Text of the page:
When I asked Bahati, in Kampala, whether there was a connection between the Family and the bill (he calls the group the Fellowship but also acknowledges it as the Family), he said, “There is no ‘connection.’ They are the same thing. The bill is the Fellowship. It was our idea.” An idea, he added, that he’d believed in alignment with the biblical principles they shared, based on his multiple visits to the National Prayer Breakfast and to the Cedars, their Arlington headquarters, and on the many visits to his Family prayer group in the Parliament by Family men such as Sen. Jim Inhofe and former Attorney General John Ashcroft, who emphasize there what Inhofe calls the “political philosophy of Jesus,” something he says he learned from the Family. Bahati brought the bill to a private meeting of international Family leaders before he introduced it; he says he got a green light. The Family says they expressed caution. It’s possible both things are true, after a fashion—the Family rarely risks its access by holding its members accountable. I thought Bob Hunter had tried to do so, but we spoke as I went to press with the book, and, perhaps trying to distance himself from Bahati, he told me that Bahati’s group of MPs wasn’t even their most influential—that’d be the “power group,” as he put it, that meets every Friday.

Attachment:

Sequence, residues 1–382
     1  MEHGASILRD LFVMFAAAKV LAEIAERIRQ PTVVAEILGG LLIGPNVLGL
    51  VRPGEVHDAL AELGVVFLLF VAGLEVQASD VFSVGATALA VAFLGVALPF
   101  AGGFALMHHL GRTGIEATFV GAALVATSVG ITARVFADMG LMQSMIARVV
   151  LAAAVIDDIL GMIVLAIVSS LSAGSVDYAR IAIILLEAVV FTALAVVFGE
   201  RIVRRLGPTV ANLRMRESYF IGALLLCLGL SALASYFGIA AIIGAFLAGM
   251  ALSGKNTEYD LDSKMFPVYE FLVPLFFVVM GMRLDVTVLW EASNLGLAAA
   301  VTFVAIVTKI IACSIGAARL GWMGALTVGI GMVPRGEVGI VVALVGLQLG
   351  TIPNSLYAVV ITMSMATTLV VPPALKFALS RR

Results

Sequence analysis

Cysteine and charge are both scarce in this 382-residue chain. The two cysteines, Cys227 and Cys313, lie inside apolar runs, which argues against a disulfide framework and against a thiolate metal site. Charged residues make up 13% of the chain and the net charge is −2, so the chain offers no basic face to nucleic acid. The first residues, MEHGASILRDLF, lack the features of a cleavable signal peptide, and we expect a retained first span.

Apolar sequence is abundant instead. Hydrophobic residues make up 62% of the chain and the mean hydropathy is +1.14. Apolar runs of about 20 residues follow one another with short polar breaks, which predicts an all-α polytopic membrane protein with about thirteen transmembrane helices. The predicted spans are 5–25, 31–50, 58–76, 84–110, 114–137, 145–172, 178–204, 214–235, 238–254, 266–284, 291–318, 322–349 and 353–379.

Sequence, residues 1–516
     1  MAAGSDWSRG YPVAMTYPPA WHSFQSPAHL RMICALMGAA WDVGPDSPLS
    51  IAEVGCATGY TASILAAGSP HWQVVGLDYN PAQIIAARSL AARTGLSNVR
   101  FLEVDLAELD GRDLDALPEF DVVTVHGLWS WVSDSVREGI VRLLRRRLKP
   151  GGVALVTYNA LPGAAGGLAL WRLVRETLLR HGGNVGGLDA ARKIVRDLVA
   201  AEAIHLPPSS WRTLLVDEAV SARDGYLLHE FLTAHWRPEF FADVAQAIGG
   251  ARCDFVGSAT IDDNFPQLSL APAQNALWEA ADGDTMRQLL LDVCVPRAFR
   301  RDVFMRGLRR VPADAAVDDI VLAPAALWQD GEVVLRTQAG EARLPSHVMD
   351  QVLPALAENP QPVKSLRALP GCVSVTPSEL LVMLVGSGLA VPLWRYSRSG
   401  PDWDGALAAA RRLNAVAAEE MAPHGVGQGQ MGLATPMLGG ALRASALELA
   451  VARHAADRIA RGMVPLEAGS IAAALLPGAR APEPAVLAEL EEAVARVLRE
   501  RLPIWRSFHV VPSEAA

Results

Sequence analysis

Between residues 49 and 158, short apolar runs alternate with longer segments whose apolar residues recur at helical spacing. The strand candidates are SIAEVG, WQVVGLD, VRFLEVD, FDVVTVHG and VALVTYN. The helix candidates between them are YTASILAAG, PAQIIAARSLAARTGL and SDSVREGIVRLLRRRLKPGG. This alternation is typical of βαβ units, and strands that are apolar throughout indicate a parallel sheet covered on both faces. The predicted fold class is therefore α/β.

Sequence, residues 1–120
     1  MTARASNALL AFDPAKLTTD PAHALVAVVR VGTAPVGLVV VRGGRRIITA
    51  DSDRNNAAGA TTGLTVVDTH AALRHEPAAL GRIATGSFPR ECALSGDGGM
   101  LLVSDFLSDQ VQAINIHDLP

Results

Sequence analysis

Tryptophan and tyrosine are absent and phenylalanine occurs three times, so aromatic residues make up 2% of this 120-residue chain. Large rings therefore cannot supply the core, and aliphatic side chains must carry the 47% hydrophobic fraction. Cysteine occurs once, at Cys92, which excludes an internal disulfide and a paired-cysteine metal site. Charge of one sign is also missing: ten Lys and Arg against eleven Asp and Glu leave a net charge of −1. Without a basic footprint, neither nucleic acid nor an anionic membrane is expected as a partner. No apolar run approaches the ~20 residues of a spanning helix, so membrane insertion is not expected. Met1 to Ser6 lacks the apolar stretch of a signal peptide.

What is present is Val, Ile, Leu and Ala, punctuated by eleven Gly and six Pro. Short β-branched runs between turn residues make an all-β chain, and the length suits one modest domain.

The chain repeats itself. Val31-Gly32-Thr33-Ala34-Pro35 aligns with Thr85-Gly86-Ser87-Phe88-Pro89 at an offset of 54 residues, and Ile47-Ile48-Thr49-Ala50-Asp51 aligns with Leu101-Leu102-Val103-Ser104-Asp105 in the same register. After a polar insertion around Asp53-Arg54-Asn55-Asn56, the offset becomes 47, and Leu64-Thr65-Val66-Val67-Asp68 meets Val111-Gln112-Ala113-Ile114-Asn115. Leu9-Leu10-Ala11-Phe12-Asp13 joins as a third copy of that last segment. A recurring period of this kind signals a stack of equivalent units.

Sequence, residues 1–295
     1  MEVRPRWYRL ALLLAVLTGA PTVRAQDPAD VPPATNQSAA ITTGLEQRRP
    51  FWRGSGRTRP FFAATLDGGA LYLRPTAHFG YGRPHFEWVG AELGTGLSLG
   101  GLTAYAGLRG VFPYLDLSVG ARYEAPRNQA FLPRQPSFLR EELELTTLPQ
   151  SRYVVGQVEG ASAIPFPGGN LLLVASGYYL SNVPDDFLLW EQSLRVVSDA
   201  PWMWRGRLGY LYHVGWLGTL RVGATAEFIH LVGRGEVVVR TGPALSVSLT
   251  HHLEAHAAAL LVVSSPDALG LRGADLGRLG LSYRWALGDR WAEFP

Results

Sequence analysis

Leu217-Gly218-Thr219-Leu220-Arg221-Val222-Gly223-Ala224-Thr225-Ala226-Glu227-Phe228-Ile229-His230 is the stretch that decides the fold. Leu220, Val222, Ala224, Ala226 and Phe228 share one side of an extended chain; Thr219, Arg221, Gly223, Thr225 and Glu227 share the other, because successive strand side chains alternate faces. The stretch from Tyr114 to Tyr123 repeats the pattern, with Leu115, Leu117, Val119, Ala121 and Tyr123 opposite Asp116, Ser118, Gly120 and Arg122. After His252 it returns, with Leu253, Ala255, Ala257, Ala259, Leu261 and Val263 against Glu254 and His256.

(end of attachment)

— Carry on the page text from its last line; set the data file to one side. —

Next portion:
Tim Kreutter, an American associated with the Family who lives in Uganda, has repeatedly said he neither supports nor condemns the bill. That’s not exactly speaking truth to power, but then, Kreutter doesn’t see that as his job. He’s the author of that document, “Eight Core Aspects,” that speaks of Acts 9:15. He’s also Bahati’s mentor. He’s not a hateful man, himself, and he certainly doesn’t share Bahati’s dream — in a “perfect world,” Bahati told me one day over lunch at his house, every gay person would be killed. But Kreutter builds up the power structures that make such dreams possible. When I asked him why the “kings” the Family cultivates are so often corrupt or worse, he said, “Because that’s what’s there.” He seemed puzzled by the implication of the question, that power isn’t its own justification. Which strikes me as a shame, because as a non-Christian who writes a great deal about Christianity, that’s what I’m ultimately attracted by—not perversions of the faith like C Street’s or Bahati’s, but the prophetic tradition it carries on from Judaism, the idea that faith is itself a challenge to power.